The Globe and Mail’s personal finance columnist Rob Carrick has been doling out advice for the paper’s readers for years. Recently, Carrick suggested investors consider simplifying part or all of their investing in these tricky times. One way to do this is with these ten asset allocation exchange traded funds (ETFs) to buy.
Here’s what Carrick had to say on the subject on Feb. 22:
The easy option is set up an account at a digital broker and use it to buy an asset allocation ETF, which is a fully diversified portfolio of stocks, bonds and, in one case, a dash of cryptocurrency
ETF stands for exchange-traded fund, which is in simple terms a mutual fund that trades like a stock. The cost of owning asset allocation ETFs is extremely low, and the cost of buying them ranges from zero to just under $10 per purchase
Now, it’s important for me to note that Carrick is speaking to a Canadian audience, but generally, the same principles apply. In most cases, the KISS (keep it simple stupid) rule still applies south of the border.
As best I can, I’ll try to include one asset allocation fund from 10 different ETF providers with five active and five passive ETFs. Here’s my list of ETFs to buy:
- Adaptive Core ETF (BATS:RULE)
- Cambria Global Asset Allocation ETF (BATS:GAA)
- First Trust CEF Income Opportunity ETF (NASDAQ:FCEF)
- FormulaFolios Smart Growth ETF (BATS:FFSG)
- Invesco Growth Multi-Allocation ETF (BATS:PSMG)
- Amplify High Income ETF (NYSEARCA:YYY)
- Arrow Dow Jones Global Yield ETF (NYSEARCA:GYLD)
- iShares Core Aggressive Allocation ETF (NYSEARCA:AOA)
- SPDR SSGA Global Allocation ETF (NYSEARCA:GAL)
- First Trust Dorsey Wright Focus 5 ETF (NASDAQ:FVC)
Here’s to simplifying your investments.
ETFs to Buy: Adaptive Core ETF (RULE)
The Adaptive Core ETF is an actively managed fund that uses a “tactical go-anywhere approach” to invest in multiple asset classes through ETFs and individual stocks.
It currently owns seven ETFs and 15 stocks. The top 10 holdings account for 55% of its $13.6 million in total assets.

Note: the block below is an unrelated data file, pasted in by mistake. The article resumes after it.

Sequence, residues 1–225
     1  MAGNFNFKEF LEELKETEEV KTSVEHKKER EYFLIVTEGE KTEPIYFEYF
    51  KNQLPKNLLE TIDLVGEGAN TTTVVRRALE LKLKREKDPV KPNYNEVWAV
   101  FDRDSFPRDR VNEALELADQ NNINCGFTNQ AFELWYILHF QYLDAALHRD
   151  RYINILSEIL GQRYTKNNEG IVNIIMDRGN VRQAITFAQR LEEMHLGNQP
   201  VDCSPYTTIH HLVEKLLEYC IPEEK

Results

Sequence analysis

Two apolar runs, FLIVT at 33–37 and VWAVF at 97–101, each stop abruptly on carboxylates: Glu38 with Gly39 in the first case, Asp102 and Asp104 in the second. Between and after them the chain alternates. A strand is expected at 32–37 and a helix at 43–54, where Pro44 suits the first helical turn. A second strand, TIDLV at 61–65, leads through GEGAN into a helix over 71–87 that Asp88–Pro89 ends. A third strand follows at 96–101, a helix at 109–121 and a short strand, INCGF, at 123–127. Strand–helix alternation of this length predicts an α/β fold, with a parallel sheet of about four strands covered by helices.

Its top three ETFs by weight are the iShares MSCI USA Minimum Volume Factor ETF (BATS:USMV), Vanguard Dividend Appreciation ETF (NYSEARCA:VIG), and Pimco Enhanced Low Duration Active ETF (NYSEARCA:LDUR). Its top holding is Raymond James Financial (NYSE:RJF) at 3.88%. The ETF’s split between equity securities and fixed income is approximately 75/25.
The fund charges 0.91%. Anything under 1.0% for active management is reasonable. However, the fund was only launched in November, so it’s too early to tell if the active management provided by Mohr Capital Management is up to snuff.
Cambria Global Asset Allocation ETF (GAA)
Cambria Investment Management L.P. is the investment advisor for GAA. The portfolio manager is Meb Faber, the co-founder and CEO of the advisor. Faber has managed the ETF since its launch in December 2014.
Page one of the ETF’s prospectus it gives us the gist of the fund:
The Fund is designed to provide absolute positive returns with reduced downside volatility, manageable risk, and smaller drawdowns (i.e., peak-to-trough declines in performance) by identifying an investable portfolio of exchange-traded vehicles that provide diversified exposure to all of the major asset classes in the various regions, countries and sectors around the globe
Faber, for those unfamiliar with the portfolio manager, has an excellent podcast — “The Meb Faber Show’ — that does a good job explaining what’s happening in the markets. I highly recommend it.